Darra knows her husband is no hero. He rose to power in Shepherd Falls as a bandit and a thief. They married as a convenience, a way to legitimize his assumption of power while maintaining the influence of a decrepit gentry. There is little love lost between them. And yet, in order for her home to survive, she must find a way to convince this coward and tyrant to fight for her home. To stand against an unspeakable threat even though it will almost certainly mean his death. 
"Emissary" is a story about resistance and surrender in the face of the end of the world. It's also about a certain type of marriage that only exists because the people in it can't survive without each other.

I don't yet have information about when this issue w…

Review of I Wish I Was Like You by S.P. Miskowski

Even 23 years later, I remember 1994 and Kurt Cobain's death. I experienced that moment as a kind of inside out personal crisis. I felt ashamed by his death. As though his exit in someway indicted my own teenage miseries. "I wish I was like you," goes the verse in 'All Apologies,' "Easily amused." I felt as though a check I hadn't remembered writing had just been cashed. 


SP Miskowski's book, named after the first half of that line, is in the words of another reviewer, a novel that shouldn't work. The narrator is unlikeable, unreliable, and dead. The plot is almost entirely told as a flashback and long sections of the novel concern the inner processes of the writer. The daily grind to summon up enough self-esteem to carry a sentence to its logical conclusion is a real struggle, people, but it ain't exactly riveting.

But the thing is, this novel works. It is one of the best things I've read all year and a real achievement in weird ficti…

Spoiler Heavy Review of IT (2017)

My fandom of Stephen King and his adaptions is complicated by the sheer volume of his work. King has written some of my favorite books of all time (Pet Semetary and The Stand) and others I can barely believe I read five pages through.


However, no matter what I or anyone might say, King is an unescapable fixture in the world of 20th century and 21st century literature. Most of the people I've ever met have read at least one of his books and I generally find it's a good sign if a person has read a bunch of them.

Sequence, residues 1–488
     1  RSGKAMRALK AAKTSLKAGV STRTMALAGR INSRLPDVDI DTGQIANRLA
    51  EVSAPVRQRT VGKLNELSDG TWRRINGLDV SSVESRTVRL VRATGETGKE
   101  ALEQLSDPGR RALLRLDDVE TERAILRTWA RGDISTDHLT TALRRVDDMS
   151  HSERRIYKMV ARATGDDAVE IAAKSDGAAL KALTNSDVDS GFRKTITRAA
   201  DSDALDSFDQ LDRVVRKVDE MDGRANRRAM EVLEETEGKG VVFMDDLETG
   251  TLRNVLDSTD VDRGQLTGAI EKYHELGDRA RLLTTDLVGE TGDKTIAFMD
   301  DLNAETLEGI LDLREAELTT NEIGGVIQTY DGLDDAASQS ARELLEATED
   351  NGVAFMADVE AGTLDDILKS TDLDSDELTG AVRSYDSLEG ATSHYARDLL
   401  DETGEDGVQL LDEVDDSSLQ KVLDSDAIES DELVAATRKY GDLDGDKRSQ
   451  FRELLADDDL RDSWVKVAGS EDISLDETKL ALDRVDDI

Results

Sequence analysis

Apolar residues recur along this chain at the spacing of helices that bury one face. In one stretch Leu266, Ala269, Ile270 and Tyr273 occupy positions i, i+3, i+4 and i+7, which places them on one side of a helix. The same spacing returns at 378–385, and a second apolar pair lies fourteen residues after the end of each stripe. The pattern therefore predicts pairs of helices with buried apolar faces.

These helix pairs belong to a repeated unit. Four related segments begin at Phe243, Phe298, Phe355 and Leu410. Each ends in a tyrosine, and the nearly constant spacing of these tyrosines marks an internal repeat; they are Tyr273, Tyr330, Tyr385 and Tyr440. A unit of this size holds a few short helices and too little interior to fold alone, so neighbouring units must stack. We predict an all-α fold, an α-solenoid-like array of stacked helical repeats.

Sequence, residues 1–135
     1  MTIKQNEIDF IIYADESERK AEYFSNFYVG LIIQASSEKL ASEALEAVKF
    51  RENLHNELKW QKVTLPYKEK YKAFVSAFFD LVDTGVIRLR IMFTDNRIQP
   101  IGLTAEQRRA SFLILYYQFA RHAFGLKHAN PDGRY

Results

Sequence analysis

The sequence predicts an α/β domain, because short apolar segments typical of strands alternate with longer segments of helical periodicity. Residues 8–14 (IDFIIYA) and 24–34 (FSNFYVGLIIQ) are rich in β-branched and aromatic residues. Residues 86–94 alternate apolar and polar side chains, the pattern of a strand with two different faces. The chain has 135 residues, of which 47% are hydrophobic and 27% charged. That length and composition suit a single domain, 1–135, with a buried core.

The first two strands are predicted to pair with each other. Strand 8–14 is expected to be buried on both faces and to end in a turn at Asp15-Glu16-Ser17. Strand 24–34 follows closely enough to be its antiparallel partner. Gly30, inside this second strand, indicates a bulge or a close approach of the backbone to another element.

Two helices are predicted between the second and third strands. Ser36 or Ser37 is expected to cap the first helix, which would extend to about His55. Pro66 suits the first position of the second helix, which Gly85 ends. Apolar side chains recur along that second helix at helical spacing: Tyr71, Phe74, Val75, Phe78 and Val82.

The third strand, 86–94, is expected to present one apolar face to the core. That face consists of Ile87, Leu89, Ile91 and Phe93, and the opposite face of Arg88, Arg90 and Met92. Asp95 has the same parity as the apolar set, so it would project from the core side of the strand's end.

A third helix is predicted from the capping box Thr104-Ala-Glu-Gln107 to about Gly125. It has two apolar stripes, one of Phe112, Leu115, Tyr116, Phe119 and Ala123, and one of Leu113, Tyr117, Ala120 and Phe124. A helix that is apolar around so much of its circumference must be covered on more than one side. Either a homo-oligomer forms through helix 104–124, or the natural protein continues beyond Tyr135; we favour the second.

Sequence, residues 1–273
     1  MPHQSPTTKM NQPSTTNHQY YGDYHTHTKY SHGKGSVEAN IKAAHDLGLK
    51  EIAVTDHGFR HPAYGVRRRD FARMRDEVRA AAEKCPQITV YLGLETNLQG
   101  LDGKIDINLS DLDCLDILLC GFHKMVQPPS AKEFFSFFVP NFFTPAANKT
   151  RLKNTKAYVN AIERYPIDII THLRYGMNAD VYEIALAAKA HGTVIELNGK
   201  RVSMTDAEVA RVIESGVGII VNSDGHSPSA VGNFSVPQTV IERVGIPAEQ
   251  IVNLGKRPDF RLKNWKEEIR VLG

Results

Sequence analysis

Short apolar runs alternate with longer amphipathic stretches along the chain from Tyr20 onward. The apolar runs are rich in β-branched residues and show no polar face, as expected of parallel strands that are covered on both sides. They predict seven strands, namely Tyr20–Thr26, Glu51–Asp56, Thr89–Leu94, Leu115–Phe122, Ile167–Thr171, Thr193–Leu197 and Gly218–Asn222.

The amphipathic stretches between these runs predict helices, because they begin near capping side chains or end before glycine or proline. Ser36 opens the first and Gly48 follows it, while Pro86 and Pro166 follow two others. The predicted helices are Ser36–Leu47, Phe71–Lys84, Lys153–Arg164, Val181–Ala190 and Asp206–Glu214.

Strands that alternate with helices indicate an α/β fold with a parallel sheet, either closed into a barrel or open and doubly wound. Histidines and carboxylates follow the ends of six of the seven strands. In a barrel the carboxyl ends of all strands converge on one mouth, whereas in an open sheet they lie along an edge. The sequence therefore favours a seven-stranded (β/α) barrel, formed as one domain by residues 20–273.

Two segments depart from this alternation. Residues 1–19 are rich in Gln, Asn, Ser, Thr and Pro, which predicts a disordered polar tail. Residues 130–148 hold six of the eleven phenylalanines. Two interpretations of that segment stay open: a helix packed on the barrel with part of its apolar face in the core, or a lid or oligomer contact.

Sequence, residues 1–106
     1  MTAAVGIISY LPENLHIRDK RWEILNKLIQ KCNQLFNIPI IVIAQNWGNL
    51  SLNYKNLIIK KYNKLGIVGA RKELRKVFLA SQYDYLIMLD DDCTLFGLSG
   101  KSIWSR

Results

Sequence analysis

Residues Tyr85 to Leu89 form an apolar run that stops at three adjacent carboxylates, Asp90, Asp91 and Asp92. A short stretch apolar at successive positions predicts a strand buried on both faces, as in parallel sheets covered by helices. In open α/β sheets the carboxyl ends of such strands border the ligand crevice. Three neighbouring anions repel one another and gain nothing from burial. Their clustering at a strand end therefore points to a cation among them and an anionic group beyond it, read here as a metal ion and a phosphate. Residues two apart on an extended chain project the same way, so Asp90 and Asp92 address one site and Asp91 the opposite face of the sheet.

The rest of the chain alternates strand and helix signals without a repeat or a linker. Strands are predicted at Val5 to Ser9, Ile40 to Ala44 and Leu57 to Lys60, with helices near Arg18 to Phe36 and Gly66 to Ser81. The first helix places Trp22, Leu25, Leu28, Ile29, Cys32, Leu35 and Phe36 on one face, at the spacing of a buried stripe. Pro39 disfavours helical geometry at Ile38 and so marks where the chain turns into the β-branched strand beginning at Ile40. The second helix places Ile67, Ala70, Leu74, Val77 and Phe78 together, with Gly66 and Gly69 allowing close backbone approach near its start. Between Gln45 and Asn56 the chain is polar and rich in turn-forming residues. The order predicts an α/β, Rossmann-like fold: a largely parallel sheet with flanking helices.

"IT," in particular, occupies a special place in my mind. It was one of the first adult books I read as a kid - way back in the summer of sixth grade at summer camp. I didn't understand all of it on a conscious level but experienced it on a deeper, emotional level. The story of a gang of 'losers,' desperately trying to survive in the face of indifferent adults, hostile bullies, and a monstrous clown made a great deal of sense to me. As in, I didn'…

Thoughts on Promontory and "A Breath from the Sky"

Last month, my story "Promontory" appeared in Martian Migraine's "A Breath from the Sky" anthology. Promontory concerns a college president, Joseph Serrick, and his attempt to die in a way he could live with. At some point in the past, Serrick became the host for an ancient and possible extraterrestrial parasitic colony, their puppet in matters concerning the world surrounding a small forked lake in Upstate New York. I wrote the story as a reaction to a very real college president I'll leave unnamed here, who in addition to fostering a toxic environment for decades at the university he presided over, was a student of Immanuel Kant.


The paradox of a person dedicated to the philosophy of benevolence and self-agency also being a petty and tyrannical boss got me thinking about writing a mythos style story. Initially, the president character was meant to be the behind-the-scenes villain, seen only in the last few paragraphs of the story. But the story, at least i…